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Gov. Abbott, DSHS sending cases of remdesivir to Midland and Odessa

In this March 2020 photo provided by Gilead Sciences, a vial of the investigational drug remdesivir is visually inspected at a Gilead manufacturing site in the United States. Given through an IV, the medication is designed to interfere with an enzyme that reproduces viral genetic material. (Gilead Sciences via AP)
In this March 2020 photo provided by Gilead Sciences, a vial of the investigational drug remdesivir is visually inspected at a Gilead manufacturing site in the United States. Given through an IV, the medication is designed to interfere with an enzyme that reproduces viral genetic material. (Gilead Sciences via AP)(WHSV)
Published: Jul. 4, 2020 at 5:20 PM CDT
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ODESSA, Texas (KOSA) - Governor Greg Abbott is sending cases of remdesivir to hospitals in Midland and Odessa.

The following comes from Governor Greg Abbott’s office:

Governor Greg Abbott today announced that the Texas Department of State Health Services (DSHS) is distributing five cases of the antiviral drug remdesivir to three hospitals across the Midland-Odessa metropolitan area.

These cases have been provided to DSHS through the U.S. Department of Health and Human Services. This is the sixth round of distribution from the federal government. At 448 cases, this is the largest distribution and is enough to treat approximately 1,792 patients.

This brings the state total to 1,425 cases distributed since May 12.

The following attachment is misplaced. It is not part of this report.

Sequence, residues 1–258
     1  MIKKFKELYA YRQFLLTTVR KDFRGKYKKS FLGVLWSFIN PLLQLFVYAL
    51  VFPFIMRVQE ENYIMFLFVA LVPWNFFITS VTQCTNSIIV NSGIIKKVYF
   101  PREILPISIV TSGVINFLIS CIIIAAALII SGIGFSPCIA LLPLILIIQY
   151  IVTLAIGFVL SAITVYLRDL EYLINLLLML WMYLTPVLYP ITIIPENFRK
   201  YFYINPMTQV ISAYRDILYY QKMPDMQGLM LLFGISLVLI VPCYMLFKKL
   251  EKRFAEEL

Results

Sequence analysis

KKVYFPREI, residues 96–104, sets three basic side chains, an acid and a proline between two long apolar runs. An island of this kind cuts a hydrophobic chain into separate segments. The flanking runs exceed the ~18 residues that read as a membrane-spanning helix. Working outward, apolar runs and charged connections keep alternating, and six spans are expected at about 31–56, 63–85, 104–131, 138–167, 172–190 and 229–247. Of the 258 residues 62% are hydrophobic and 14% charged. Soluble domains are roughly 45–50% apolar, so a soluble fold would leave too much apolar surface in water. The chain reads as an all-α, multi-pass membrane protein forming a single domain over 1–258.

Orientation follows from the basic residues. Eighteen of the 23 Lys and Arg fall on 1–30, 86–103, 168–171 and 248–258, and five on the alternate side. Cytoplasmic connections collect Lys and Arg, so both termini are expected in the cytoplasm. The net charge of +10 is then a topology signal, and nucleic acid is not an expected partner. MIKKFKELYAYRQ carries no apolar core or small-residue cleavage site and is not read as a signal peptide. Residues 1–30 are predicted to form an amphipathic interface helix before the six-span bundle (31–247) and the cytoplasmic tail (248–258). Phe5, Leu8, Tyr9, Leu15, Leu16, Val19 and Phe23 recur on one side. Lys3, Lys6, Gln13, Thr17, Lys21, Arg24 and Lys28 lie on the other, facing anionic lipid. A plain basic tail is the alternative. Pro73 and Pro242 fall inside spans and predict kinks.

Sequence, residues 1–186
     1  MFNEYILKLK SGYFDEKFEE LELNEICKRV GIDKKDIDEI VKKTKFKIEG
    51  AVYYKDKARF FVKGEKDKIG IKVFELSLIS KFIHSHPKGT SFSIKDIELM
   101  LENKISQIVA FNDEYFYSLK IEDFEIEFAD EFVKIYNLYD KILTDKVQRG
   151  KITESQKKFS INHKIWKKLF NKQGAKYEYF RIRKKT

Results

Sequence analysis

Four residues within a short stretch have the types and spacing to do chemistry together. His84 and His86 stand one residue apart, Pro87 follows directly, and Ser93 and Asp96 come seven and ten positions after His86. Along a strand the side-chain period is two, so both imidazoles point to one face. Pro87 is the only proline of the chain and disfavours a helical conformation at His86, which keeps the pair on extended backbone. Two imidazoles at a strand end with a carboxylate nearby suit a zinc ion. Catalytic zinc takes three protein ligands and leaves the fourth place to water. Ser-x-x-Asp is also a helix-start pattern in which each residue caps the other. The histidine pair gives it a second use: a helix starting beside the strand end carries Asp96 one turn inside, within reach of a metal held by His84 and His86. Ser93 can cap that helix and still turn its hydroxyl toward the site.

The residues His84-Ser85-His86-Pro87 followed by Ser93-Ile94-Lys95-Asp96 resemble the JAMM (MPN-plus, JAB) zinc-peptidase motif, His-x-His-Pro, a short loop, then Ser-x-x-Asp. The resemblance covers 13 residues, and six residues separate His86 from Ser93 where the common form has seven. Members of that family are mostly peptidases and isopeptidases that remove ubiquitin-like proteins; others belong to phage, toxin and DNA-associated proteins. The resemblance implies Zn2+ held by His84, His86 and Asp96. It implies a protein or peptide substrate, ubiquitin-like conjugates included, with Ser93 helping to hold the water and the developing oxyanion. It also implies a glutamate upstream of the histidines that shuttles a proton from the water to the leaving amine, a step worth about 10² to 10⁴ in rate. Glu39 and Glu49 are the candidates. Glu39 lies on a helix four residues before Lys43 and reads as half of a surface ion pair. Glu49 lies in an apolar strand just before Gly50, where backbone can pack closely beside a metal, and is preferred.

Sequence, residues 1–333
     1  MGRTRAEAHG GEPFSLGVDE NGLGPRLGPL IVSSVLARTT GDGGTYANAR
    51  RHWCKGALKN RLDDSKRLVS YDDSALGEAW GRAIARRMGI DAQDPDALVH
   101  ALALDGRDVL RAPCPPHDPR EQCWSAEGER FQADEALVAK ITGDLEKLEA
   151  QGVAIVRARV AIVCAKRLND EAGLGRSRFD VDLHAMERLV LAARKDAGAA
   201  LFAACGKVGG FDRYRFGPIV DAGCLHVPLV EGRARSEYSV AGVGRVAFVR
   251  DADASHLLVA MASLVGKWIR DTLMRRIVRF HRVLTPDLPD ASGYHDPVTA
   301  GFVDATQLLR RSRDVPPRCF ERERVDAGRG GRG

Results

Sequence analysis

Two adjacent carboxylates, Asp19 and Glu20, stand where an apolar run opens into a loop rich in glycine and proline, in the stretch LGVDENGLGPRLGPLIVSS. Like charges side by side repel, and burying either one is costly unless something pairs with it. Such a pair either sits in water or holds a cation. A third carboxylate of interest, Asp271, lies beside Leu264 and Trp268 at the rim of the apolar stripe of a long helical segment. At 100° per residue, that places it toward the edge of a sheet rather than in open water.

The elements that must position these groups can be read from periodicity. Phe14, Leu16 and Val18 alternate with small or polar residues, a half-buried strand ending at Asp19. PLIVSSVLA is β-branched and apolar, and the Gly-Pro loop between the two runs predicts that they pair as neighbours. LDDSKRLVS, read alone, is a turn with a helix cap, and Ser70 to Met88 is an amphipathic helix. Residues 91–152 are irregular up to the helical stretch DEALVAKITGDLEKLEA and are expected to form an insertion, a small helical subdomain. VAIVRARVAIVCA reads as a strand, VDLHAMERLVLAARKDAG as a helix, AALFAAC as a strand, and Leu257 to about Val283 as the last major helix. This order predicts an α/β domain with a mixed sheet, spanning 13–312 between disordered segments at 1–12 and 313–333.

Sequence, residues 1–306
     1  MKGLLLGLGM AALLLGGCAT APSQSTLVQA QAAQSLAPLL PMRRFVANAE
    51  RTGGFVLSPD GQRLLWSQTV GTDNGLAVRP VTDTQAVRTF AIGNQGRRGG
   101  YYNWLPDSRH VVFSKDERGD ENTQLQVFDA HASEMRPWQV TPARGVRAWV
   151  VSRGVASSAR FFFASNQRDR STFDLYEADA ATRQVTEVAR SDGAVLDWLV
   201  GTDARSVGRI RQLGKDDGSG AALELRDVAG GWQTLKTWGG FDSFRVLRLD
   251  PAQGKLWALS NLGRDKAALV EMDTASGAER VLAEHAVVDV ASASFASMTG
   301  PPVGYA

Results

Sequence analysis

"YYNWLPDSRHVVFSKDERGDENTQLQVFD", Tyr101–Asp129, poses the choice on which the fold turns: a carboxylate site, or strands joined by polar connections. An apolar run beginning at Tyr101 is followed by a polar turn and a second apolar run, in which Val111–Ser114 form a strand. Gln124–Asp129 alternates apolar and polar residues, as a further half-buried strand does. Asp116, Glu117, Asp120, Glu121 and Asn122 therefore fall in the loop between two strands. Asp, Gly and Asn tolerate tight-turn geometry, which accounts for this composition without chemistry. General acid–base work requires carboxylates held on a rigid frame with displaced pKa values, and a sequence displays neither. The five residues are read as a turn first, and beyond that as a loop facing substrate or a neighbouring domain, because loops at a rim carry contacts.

”As Texas faces an increase in COVID-19 cases and hospitalizations, we remain committed to providing healthcare professionals with the resources they need to respond to this surge and support COVID-19 patients,” said Governor Abbott. “The State of Texas is grateful to the U.S. Department of Health and Human Services for their continued assistance to equip Texas hospitals with Remdesivir. As we continue to combat the virus, Texas remains committed to keeping our communities healthy and safe.”Remdesivir has shown promise in early trials in speeding up the recovery time among hospitalized COVID-19 patients. Using a five-day average of hospitalization data, DSHS used county weighting of the number of COVID positive patients in hospitals to determine the number of remdesivir cases per county. Children’s hospitals are eligible this round due to the powder formulation of the medication.Medical staff at each hospital will determine how the drug will be used, though it must be prescribed in accordance with the Food and Drug Administration’s Emergency Use Authorization, allowing for the treatment of suspected or confirmed COVID-19 in adults and children hospitalized with severe disease, such as those in intensive care. Preliminary results from a clinical trial showed the average recovery time among patients who received remdesivir was 11 days versus 15 days with a placebo. The supply is part of a donation from drug maker Gilead.

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